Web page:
During a business trip in Dallas, Austin photographer Ian Kasnoff found himself scribbling away on a Belmont Hotel cocktail napkin after a few drinks. He was sketching out plans for an old box trailer he owned. What he drew up on that napkin would send him down a rabbit hole of large format photography and giant makeshift cameras.
What Kasnoff has dubbed the TrailerCamera, the simplest possible trademark name he could think of, is the third iteration of his cocktail-napkin scribble, concocted nearly four years ago. It is a 16-foot-long enclosed trailer he converted into a camera, complete with its own darkroom. It was not always so big and sophisticated, however.
Back in 2014, Kasnoff had just moved into a new home and was looking to sell his old five-foot-long storage trailer. Once he checked the going prices for trailers like his on Craigslist, he was confident he would not get the money he wanted out of it. He decided to go a different route.
He had always been a fan of photographers Dennis Manarchy and Abelardo Morell, who created their own giant cameras out of a trailer bed and an ice fishing tent. This ultimately inspired Kasnoff to create a camera obscura, a darkened box with a lens, out of his trailer.
For his first attempt at his camera on wheels, Kasnoff used an old enlarging lens to shoot the outside world into his trailer. The lens worked. His new camera was up and running, but he wanted a project to pursue with it.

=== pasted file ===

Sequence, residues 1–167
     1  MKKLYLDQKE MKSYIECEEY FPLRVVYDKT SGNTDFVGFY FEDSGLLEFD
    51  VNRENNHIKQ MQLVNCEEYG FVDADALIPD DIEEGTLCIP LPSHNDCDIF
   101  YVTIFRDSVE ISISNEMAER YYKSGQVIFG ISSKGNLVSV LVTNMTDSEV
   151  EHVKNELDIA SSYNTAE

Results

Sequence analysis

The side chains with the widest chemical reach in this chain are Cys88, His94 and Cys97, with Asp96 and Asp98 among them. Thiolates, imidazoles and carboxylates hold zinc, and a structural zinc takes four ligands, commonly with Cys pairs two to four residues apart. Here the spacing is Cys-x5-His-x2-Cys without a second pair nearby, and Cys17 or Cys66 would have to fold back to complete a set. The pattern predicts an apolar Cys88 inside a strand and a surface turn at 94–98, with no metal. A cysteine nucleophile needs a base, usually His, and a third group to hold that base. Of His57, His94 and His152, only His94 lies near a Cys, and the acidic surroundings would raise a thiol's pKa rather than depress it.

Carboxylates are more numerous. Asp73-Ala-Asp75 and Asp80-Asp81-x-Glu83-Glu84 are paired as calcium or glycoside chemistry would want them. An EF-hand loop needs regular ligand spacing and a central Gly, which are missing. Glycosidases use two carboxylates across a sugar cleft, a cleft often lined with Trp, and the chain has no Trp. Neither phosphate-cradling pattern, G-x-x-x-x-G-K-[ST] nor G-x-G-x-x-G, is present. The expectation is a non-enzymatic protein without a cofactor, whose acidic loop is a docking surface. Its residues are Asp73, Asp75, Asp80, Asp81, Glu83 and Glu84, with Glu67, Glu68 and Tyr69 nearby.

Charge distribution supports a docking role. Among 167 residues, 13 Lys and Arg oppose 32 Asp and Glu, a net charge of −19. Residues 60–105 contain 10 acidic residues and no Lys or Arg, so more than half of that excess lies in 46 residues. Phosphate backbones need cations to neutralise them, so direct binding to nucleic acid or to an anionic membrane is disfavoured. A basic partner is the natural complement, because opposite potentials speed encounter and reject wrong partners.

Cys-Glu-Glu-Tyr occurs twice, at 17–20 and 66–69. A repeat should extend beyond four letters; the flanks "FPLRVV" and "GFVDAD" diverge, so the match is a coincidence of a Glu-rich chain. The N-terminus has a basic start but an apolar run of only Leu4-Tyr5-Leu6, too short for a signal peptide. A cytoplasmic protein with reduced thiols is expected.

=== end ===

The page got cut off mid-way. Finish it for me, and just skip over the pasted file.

“I started thinking, ‘Wouldn’t it be cool to take a super homemade weird little contraption that requires no real electricity or anything and go shoot people who’ve created off-the-grid lifestyles.’ It was a little bit of a stretch,” he says.
Kasnoff landed his first official subject for his new gadget. He went out to a homestead in West Texas called Field Lab, owned by John Wells. The shoot went well, but it was clear the camera needed to be even bigger.
Luckily, Kasnoff was able to sell the trailer and buy a new hand-me-down from a friend of his brother-in-law. He finally had a camera he could stand up in, one that was twice as long and a couple feet wider. Things were looking up.
The American Institute of Graphic Arts then invited Kasnoff to the Design Ranch, a three-day workshop retreat in Hunt, Texas. They wanted him to talk to attendees about his giant camera. Unfortunately for him, it rained a lot that year.
“This trailer was such a hunk of crap. It was just leaking everywhere,” he says. “It was kind of a nightmare.”
At this point, he realized it was time to get serious. He could not keep working with the piece-of-junk trailers he had before. So, he bought an even better one. Like before, it was a little bigger and better than the last.
Around this time, he started experimenting with different lenses. His latest machine is complete with two lenses: a wide angle and a telephoto. The camera can take images and print them in six to seven minutes.
To him, this is a never-ending project.
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“As far as it being the final thing, it’s kind of fluid as I get other ideas,” Kasnoff says. “It’s essentially an idea on wheels that I can kind of work with and play around with.”
A lot of money has been spent on this four-year venture, Kasnoff says. It has all been worth it. The trials and errors he subjected himself to have led him to a better understanding of his photography and creative process.
The TrailerCamera has always been a personal project. He has never done it for anyone else. Next, he says, he wants to experiment with shipping containers.
Kasnoff will roll into DFW for a workshop on his TrailerCamera at 2 p.m. Sept. 30 during the third annual PolaCon, the world’s first three-day instant film convention (Sept. 28-30 in Dallas and Denton).